"I'm sorry, could you say that again, please?"
If you're learning a language, this is one of the more essential questions to be able to ask early on. The problem with this is, though, that you usually get one of two responses:
- The person repeats at exactly the same speed with exactly the same intonation
- The person changes the pronunciation completely and enunciates each word.
While the second response may be more helpful for immediate comprehension, neither is particularly helpful for actually learning to speak the language like a native. When we speak â€” regardless of the language â€” we invariably end up blending and combining sounds in different ways. Ends of words merge with the beginnings of the words that follow. Endings drop off or get swallowed. Complex combinations of sounds in the middle of words simplify. These processes happen naturally and without our thinking about them. Yet we still know how the words "should" be pronounced.
When a speaker slows down his speech to help someone else understand, he invariably changes the way he actually speaks. The edges of words become clearer and sometimes sounds creep back in that were not pronounced at all at normal speed. The learner most often learns this full and "proper" form of pronunciation, but this is far from practical. The learner is stuck speaking slowly and in a belaboured manner because there's no sense for the rules governing how to combine and blend sounds in natural speech. This is why most people struggle to speak foreign languages "quickly."
We're stuck, then, in a dilemma. The learner needs to hear natural speech in order to learn natural speech. Natural speech is too fast for the learner to grasp. When a speaker slows down her speech, it no longer maintains the same patterns of sound blending and therefore becomes useless to the learner seeking to gain native pronunciation.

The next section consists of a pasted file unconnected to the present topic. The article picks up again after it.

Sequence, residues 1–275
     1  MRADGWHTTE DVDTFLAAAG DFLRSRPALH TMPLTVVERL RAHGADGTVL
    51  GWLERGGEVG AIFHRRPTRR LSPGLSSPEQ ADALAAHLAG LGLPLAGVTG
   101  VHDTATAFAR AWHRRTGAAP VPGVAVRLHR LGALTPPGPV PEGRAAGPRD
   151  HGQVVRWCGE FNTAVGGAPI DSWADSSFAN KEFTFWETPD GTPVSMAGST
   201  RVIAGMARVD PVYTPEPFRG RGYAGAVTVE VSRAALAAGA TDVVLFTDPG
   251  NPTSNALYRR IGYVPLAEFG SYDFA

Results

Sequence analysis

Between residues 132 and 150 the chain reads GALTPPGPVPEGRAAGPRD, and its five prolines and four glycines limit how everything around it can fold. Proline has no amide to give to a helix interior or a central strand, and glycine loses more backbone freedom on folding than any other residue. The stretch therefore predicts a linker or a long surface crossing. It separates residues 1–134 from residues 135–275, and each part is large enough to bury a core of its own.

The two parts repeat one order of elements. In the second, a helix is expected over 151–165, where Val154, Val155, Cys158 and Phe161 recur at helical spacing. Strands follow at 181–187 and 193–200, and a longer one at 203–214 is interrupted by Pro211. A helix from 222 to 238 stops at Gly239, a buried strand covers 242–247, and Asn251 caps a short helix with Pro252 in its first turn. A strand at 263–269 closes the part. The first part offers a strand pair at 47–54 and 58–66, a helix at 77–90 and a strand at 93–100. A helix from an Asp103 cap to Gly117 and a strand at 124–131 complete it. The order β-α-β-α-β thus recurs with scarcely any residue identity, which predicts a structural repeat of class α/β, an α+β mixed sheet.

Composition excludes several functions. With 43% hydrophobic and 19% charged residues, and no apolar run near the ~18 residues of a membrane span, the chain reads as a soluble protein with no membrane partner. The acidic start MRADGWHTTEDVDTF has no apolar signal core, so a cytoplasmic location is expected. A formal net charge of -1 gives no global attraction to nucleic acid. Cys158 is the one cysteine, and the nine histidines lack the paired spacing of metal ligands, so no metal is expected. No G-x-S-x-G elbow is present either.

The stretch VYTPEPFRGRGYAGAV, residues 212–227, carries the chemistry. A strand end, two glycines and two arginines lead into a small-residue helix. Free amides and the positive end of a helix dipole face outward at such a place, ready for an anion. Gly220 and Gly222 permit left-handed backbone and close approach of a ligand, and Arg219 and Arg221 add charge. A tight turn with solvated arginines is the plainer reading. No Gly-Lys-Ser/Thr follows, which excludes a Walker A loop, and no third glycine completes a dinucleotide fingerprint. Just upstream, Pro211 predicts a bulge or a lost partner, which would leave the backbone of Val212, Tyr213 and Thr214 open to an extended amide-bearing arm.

This is a major issue for language learners everywhere, and something we have taken great care to address in the format of our vocabulary builders. We take recordings of natural speech and slow them down digitally to a certain range of phoneme per second. At this kind of phoneme rate, it's possible even for people with "bad ears" to pick up the sounds and intonation patterns. Immediately following each recorded utterance â€” which is limited in length to a specific syllable range â€” there is a pause for the learner to repeat. The learner repeats this string of slowly blended sounds and then the audio is presented again at normal speed with another pause to allow for repetition. The results of this format are pretty remarkable.
I went through about twenty or more different format combinations before deciding on this one, which I then further tested on groups of people. The first group was a class of students struggling to repeat whole phrases and unable to keep in unison. What's more, the repetition was completely monotone. When I introduced the new format, however, suddenly the entire class was not only able to repeat whole examples in complete unison, but they were also able to pick up intonation patterns on a single hearing, then carry those intonation patterns forward in the normal speed repetition. In other words, having the slowed version of speech first allowed the listeners to pick up place and manner of articulation, proper sound blending, and intonation immediately in a way that could be instantly translated into normal, natural speed pronunciation. These results were not acquired even after dozens of repetitions at normal speed only.
This format for teaching a foreign language, which we refined further with more testing, is now the basis for our video and audio reviews. It means you can learn to speak with accurately blended sound combinations and correct intonation very quickly. We think that's pretty exciting.